The other chapters not mentioned above are: Bruno Figliuolo, "Humanistic Historiography in Naples and Its Influence in Europe (1450-1550)"; Johannes Helmrath, "On Imitating Enea: Enea Silvio Piccolomini
as 'Apostle' of Humanism.
54) This was the experience of Enea Silvio Piccolomini
Il sistema delle dediche"; Janika Pall, "The Practice of chreia at the Academia Gustavo-Carolina (1690-1710) in Dorpat (Tartu)"; Klara Pajorin, "Janos Vitez ed Enea Silvio Piccolomini
alla nascita della retorica umanistica in Ungheria"; Jan Papy, "Lipsian Style and Swedish 18th-Century Politics?
To be sure, major artists have entries, and there is an essay on Visual Arts and Literature which ranges from Dante to Arte povera and new expressionism, highlighting links such as those between Botticelli, Poliziano, and Neoplatonism, but an Enea Silvio Piccolomini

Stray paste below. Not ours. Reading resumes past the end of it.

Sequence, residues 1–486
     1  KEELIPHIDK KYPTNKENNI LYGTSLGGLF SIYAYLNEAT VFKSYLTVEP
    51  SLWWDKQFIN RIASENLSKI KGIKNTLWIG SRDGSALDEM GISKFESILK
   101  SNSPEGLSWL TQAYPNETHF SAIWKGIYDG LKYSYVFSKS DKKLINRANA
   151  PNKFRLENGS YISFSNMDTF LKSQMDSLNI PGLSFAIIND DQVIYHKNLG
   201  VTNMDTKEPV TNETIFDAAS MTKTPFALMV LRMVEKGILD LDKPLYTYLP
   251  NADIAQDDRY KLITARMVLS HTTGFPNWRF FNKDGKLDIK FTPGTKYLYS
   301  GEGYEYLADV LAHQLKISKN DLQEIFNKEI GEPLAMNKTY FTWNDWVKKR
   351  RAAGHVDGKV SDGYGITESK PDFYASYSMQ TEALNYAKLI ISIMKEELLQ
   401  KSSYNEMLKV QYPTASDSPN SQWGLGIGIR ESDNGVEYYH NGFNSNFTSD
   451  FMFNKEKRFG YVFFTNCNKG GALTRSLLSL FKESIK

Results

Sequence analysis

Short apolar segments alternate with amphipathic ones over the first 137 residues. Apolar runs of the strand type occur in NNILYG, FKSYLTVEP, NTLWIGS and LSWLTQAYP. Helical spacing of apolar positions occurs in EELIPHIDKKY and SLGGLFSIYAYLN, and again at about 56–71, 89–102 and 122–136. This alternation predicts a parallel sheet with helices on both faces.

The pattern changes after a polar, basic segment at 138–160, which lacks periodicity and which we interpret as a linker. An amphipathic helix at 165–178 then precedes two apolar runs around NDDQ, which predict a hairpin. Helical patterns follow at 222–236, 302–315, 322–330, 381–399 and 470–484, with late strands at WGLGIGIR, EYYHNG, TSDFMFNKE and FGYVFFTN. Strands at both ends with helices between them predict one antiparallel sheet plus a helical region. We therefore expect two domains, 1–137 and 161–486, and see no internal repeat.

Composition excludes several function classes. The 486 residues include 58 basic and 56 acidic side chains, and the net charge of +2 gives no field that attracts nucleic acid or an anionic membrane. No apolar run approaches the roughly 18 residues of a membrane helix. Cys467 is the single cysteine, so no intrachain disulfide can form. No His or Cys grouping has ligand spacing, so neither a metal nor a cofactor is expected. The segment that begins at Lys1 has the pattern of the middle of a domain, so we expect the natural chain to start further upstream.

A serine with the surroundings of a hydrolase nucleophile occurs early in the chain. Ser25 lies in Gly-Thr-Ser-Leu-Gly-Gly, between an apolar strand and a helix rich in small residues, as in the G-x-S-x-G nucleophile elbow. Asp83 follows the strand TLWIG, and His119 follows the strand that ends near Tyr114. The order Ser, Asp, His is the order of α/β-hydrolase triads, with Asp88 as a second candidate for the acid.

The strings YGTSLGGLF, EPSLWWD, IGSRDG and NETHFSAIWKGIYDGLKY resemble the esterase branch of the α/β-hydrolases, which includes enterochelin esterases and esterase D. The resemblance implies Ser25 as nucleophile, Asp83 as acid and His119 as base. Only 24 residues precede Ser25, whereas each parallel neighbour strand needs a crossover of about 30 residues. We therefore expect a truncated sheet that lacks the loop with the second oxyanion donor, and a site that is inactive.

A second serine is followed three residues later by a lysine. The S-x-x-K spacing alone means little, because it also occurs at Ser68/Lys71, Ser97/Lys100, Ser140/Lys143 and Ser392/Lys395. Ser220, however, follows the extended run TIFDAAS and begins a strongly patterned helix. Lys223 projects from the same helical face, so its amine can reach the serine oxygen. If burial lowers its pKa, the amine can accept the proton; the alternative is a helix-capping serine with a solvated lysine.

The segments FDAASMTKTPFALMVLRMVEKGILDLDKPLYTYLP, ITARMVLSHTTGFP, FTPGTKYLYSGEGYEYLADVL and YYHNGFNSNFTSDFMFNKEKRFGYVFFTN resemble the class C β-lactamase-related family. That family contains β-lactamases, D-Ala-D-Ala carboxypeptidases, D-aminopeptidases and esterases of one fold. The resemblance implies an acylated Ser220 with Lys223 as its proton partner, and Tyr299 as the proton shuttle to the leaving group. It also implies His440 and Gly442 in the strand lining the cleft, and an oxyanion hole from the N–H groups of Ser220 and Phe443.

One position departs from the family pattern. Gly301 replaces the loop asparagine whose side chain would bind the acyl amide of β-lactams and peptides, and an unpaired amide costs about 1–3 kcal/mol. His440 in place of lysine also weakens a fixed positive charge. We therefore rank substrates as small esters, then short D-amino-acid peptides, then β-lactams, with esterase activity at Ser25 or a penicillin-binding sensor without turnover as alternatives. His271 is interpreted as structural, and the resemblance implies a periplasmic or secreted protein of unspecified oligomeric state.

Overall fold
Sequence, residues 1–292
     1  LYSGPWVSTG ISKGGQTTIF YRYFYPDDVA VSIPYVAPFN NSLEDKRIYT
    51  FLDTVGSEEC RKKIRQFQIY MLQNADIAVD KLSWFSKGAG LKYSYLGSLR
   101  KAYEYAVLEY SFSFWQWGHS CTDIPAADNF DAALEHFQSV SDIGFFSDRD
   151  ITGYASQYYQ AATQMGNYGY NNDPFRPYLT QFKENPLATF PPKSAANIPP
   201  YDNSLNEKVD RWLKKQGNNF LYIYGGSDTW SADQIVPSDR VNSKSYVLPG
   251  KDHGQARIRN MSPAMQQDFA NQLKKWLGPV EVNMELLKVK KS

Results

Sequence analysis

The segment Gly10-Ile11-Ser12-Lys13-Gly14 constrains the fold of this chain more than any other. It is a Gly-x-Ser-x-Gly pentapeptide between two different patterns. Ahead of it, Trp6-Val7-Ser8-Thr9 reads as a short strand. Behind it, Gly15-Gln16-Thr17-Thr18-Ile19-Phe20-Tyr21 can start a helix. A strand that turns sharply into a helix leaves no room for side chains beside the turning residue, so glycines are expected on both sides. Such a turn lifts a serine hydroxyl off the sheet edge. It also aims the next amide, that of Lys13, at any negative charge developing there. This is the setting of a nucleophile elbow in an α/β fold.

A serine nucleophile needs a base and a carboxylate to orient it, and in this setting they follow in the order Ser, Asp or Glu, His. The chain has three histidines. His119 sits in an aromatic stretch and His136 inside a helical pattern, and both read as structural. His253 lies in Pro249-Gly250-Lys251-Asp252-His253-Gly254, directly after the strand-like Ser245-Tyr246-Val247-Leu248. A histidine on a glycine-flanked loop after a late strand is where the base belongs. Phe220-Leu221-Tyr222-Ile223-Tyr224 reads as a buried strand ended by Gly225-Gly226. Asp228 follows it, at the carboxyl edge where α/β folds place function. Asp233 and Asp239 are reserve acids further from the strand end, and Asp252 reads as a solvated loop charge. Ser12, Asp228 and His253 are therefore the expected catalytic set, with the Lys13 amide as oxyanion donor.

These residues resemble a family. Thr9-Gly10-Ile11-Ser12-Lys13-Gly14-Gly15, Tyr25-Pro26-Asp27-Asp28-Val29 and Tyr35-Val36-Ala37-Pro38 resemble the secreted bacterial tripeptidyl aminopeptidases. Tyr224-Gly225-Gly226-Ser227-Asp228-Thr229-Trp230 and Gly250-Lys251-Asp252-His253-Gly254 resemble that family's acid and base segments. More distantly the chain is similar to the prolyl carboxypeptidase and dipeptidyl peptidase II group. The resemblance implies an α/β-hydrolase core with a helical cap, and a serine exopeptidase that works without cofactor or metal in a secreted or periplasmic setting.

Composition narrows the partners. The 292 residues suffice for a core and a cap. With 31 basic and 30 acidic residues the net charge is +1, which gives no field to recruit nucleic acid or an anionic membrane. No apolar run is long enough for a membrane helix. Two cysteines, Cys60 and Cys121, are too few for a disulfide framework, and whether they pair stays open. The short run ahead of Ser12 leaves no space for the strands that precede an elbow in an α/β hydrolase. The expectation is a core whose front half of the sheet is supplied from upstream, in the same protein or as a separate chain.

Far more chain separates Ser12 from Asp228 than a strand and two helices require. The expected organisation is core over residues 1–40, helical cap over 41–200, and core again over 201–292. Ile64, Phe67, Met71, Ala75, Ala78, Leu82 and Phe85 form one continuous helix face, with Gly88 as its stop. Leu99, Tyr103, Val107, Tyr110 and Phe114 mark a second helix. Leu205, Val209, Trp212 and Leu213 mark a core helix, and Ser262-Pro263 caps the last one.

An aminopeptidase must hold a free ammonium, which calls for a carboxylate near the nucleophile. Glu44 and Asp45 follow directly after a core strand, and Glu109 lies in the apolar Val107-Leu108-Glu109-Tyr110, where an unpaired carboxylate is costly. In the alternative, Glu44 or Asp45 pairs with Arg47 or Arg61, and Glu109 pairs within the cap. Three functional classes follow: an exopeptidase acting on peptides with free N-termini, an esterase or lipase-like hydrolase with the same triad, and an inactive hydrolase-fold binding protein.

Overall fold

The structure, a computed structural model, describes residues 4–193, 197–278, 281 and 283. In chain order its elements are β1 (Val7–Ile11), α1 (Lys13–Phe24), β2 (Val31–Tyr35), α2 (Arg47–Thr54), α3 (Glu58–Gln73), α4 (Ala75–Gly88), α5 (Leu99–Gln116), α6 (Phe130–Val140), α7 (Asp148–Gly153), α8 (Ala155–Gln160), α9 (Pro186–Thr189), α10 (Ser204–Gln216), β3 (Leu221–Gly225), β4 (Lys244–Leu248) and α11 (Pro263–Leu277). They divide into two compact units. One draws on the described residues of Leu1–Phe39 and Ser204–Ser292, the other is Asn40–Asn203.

without mention of Pienza or Pinturicchio is greatly diminished, as is a Federigo da Montefeltro without reference to Piero's portrait; the Dominicans, Franciscans, and Jesuits should be given credit for their artistic patrimony, and the few lines given to Cosimo (under Medici) ignore that artistic legacy that still attracts visitors to Florence.
Portrat und historisch-geographische Legitimation der humanistischen Elite Italiens"; Bruno Figliuolo, "Die humanistische Historiographic in Neapel und ihr Einfluss auf Europa (1450-1550)"; Johannes Helmrath, "Vesitigia Aeneae imitari Enea silvio Piccolomini
ala 'Apostel' des Humanismus.